August Bee Update
Last time I posted about the bees on July 31st things were looking up in our home apiary. All three hives were looking good with newly risen queens in a couple of them and brood and stores on the increase. We were beginning to think that we might end up with some honey and some healthy happy colonies to take into winter. This was welcome news seeing as the two colnies in our out apiary looked as though they weren’t going to make it through the summer.
The bees of course like to dash your hopes whenever they can and when I inspected last week things weren’t looking quite so positive. It looked as though two of the colonies had swarmed.
Clettwr which had a new queen in it that we marked the week before was looking decidedly quiet, there was little left in the way of stores or bees and more worrying was the fact that there were no queen cells either. On top of that I couldn’t see any eggs. Why would the queen leave without leaving any suitable provisions for a new queen to emerge? Who’s knows, but that looked as though that was the situation.
Leri was still looking good.
Hive 5 looked as though it had issued a swarm as well. There was no sign of the queen and things were looking a little quieter in there, but at least there were a number of queen cells, so although we may have lost a swarm there was at least a new queen on the way.
How things can change in the course of a week. It’s now a week later and I’ve made another inspection, so have things changed again for the better? Well, possibly.
Clettwr: There must have been at least a few eggs in here as there are now a few emergency queen cells. These aren’t the usual queen cells that you get at the bottom of a frame. Usually such cells are built before a queen departs with a swarm. They are larger than normal cells and hang from the bottom of frames. The queen then lays an egg in them and the nurse bees feed the larvae that develops with plenty of royal jelly so that it turns into a new queen. By contrast, emergency queen cells are built on cells already containing eggs in the middle of a frame. They are used when a queen dies or disappears for some reason and there are no queen cells prepared before this happens. It allows the bees to raise a new queen from an existing egg when an emergency strikes. Hopefully this is what they are doing and hopefully they will be successful. Although time is now running short for the queen to hatch, make a mating flight, return and then start raising enough brood to allow the colony to build up decent stores for the winter.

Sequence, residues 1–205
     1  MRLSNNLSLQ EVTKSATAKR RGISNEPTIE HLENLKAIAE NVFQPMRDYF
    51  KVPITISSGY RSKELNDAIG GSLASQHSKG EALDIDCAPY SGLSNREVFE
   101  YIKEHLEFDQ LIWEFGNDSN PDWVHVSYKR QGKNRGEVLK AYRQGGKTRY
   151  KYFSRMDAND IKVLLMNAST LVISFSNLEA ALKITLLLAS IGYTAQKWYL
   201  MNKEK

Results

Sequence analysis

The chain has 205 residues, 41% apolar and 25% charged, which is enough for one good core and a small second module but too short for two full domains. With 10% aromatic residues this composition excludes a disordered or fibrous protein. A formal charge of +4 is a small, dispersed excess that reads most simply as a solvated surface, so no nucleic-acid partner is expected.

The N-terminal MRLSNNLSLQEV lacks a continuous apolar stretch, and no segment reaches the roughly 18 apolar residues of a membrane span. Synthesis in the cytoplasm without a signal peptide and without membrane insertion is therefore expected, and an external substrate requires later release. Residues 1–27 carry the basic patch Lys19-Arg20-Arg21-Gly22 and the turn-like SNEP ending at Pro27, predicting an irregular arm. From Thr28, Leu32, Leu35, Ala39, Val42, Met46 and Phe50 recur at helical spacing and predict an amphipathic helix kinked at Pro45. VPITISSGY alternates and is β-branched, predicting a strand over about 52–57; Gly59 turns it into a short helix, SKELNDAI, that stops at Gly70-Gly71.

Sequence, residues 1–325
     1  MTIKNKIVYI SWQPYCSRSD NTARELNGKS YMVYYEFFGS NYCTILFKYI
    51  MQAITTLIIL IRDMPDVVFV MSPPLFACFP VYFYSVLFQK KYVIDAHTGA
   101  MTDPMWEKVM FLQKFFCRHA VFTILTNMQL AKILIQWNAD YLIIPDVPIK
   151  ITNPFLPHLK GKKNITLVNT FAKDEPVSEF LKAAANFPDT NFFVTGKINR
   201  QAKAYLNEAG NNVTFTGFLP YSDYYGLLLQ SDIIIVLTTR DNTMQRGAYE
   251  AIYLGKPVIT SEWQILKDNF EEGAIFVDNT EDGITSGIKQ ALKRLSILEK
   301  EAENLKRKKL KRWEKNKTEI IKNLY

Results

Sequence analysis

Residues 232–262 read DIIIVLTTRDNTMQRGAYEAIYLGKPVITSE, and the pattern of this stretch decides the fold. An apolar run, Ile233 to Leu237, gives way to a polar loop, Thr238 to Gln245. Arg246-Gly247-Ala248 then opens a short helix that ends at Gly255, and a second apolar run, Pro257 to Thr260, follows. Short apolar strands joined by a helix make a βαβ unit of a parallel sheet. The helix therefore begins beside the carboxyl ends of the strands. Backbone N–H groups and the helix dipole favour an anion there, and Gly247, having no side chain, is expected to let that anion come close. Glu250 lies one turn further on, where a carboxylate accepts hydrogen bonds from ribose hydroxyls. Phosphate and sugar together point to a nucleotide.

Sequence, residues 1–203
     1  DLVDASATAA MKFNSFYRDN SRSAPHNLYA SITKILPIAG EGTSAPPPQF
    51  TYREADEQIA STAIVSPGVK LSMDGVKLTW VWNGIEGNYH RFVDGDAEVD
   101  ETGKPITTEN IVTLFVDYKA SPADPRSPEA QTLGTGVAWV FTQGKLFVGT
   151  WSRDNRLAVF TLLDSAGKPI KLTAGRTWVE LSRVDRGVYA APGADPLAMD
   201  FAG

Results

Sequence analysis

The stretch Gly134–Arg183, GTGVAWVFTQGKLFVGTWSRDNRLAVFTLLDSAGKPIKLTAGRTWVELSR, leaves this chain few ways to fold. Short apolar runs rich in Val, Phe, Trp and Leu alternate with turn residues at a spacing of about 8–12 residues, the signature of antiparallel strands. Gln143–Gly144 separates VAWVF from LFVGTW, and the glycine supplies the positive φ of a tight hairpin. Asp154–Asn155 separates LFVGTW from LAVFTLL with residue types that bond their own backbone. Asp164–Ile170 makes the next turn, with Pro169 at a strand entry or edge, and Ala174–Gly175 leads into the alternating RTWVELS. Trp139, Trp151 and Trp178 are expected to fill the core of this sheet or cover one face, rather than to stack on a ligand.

Leri still looks good with loads of bees – it actually looks like a proper colony – loads of stores including one full super and plenty of brood.
Hive 5 has been busy. There are still quite a few bees in it and they have a fair bit in the way of stores in the brood box, but not much in the super as yet. Some of the queen cells have hatched and I saw what definitely looked like a queen. She wasn’t huge so may not have mated yet and I didn’t mark her as there is a possibility that there is more than one in there. A couple of the queen cells had yet to hatch. I could have destroyed these to save the queen fighting it out for supremacy with any other queens that hatch. Doing so could also prevent the risk of caste swarms. However I left one there as an insurance policy should something happen to the queen on her mating flight.
There wasn’t much I could do really other than to leave them to it and hope they know what they are doing.
Elsewhere, in out out apiary things are looking pretty dire. The smallest of the colonies has died out completely and I fear that the other is about to follow suit. All we can do is leave them to it and hope for the best but in reality Im preparing to dismantle and disinfect the hives in the near future ready to try starting over at the out apiary next year.